— The great women of the 20th century deserve better than what they’ve been getting from 21st century female filmmakers.
Anne Fontaine’s recent “Coco Before Chanel” seemed more interested in the legendary designer’s romantic exploits than in her boldness of vision, and now Mira Nair’s “Amelia” drains the life out of trailblazing aviator Amelia Earhart in a movie that feels like an afterschool special about a great American.
Hilary Swank — trying desperately to sound like Katharine Hepburn in “Christopher Strong” but sounding like she’s just struggling with her prosthetic teeth — plays Earhart with all the freckle-faced, pants-wearing, short-haired gumption she can muster. The film uses Earhart’s 1937 attempt to circumnavigate the globe as its through-line, cutting to one flashback after another.
There’s not much discussion of what drove this pioneer to tackle the skies in an era where such pursuits were considered to be for men only; we see a 12-year-old Amelia look wide-eyed as a vintage prop plane takes flight, and then bam, there’s Swank soaring among the clouds in a WWI biplane.
The aerial footage is breathtaking, whether Earhart is flying over the African veldt, a Kansas farm or the night skies over Washington. (Less successful are the shots from inside planes and cars; you can see the line around people’s heads in poorly-composited shots filmed in front of a green screen.)
Over the course of Earhart’s life, we see her fall in love with and marry publisher George Putnam (Richard Gere) and pursue an affair with aviation expert Gene Vidal (Ewan McGregor), who’s most famous these days as the father of author Gore Vidal.
Gere and McGregor are fine actors, but Nair uses them like the expendable males (Zachary Scott, Franchot Tone, et al) who stood back and let Bette Davis and Joan Crawford do all the heavy lifting back in the day.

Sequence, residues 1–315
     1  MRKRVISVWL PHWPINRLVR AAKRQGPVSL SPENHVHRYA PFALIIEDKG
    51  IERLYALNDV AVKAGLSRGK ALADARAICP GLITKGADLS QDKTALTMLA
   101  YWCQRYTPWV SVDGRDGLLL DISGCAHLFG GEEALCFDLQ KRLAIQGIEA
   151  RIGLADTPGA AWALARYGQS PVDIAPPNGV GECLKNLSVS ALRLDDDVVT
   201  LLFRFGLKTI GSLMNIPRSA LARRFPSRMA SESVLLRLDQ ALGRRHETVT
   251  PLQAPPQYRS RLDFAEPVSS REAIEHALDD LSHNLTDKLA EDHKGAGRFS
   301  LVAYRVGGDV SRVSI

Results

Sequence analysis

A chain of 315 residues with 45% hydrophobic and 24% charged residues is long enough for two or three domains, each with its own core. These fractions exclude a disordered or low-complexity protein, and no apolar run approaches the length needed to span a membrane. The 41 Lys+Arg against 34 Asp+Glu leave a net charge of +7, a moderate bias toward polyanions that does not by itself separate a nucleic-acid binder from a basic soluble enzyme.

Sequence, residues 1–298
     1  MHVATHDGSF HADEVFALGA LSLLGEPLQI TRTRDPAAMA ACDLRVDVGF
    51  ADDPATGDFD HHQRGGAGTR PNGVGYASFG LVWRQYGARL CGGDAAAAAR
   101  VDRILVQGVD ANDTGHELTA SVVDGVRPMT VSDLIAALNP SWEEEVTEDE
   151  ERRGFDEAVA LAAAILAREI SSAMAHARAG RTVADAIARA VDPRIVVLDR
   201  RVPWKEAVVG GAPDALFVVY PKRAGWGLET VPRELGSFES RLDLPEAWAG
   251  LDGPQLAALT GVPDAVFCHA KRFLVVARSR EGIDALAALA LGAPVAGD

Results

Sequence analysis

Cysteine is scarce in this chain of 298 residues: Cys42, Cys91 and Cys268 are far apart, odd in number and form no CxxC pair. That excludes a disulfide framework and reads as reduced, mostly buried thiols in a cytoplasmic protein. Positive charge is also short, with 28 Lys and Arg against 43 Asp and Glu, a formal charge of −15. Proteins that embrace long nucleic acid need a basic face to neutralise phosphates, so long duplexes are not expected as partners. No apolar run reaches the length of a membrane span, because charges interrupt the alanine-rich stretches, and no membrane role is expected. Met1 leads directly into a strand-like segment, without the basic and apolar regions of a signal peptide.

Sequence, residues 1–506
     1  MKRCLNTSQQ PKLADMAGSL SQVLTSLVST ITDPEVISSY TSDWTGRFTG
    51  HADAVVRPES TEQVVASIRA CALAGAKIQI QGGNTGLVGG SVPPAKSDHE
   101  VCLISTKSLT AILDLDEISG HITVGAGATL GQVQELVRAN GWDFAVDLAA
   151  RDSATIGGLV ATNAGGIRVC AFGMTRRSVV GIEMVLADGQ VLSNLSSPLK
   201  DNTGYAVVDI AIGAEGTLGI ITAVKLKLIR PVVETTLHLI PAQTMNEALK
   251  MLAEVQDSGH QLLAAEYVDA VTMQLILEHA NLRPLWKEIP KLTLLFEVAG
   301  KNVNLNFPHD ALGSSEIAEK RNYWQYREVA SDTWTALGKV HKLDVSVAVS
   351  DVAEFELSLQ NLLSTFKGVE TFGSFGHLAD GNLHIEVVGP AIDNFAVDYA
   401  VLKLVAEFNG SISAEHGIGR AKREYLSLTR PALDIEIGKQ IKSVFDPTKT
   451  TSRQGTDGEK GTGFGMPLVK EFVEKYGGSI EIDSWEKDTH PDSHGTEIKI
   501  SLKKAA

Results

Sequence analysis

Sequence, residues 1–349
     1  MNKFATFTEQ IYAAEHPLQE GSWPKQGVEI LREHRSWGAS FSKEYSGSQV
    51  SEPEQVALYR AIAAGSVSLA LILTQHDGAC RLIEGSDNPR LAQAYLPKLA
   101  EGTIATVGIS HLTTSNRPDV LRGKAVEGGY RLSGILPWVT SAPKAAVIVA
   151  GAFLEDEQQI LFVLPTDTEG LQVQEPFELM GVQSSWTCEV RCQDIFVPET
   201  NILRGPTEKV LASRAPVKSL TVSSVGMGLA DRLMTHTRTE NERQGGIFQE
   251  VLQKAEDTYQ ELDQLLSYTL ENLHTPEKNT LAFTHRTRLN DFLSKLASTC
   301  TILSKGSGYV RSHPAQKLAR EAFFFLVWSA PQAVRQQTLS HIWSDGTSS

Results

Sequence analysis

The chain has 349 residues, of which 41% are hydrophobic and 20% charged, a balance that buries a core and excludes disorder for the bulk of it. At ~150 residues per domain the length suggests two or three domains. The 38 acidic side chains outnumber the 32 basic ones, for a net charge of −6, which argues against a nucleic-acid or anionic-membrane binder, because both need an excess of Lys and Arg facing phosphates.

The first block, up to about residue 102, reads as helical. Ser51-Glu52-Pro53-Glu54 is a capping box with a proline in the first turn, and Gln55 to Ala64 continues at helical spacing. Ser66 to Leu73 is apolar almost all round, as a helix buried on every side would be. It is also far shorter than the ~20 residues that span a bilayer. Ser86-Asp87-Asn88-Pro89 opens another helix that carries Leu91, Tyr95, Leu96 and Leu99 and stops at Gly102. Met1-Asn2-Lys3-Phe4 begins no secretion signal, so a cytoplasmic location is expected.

Gere brings his trademark naughty twinkle to the role — with a dollop of Pepperidge Farm–flavored New England accent on top — but he and Swank have all the romantic chemistry of two people forced to share a table at a luncheonette during the noon rush.
Part of what made Amelia Earhart such a fascinating figure was how atypical she was for her time, but Nair doesn’t seem very interested in establishing any sort of context for her. We see one soup line, but that’s as much as the movie cares about the Great Depression, and there are very few times that anyone ever challenges Earhart on her flouting of the wife-and-mother paradigm of the era. It’s hard work standing up against societal expectations, but the movie pretends like Earhart’s flouting of convention and gender norms were just a walk in the park.
When Gene Vidal first meets Amelia, he’s amused by the native Kansan’s use of the word “hooey” in conversation. Judging by the final product, the writers of “Amelia” must have taped that word on the wall above their laptops, because this movie drips with it.
Follow msnbc.com Movie Critic Alonso Duralde at http://www.twitter.com/MSNBCalonso.